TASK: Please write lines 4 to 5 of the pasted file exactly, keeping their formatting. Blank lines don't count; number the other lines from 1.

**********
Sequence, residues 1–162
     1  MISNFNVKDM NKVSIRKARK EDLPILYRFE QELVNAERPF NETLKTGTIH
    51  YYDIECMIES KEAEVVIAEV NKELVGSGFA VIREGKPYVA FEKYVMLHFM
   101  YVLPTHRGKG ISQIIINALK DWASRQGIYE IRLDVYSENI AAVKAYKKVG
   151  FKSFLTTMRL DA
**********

   101  YVLPTHRGKG ISQIIINALK DWASRQGIYE IRLDVYSENI AAVKAYKKVG
   151  FKSFLTTMRL DA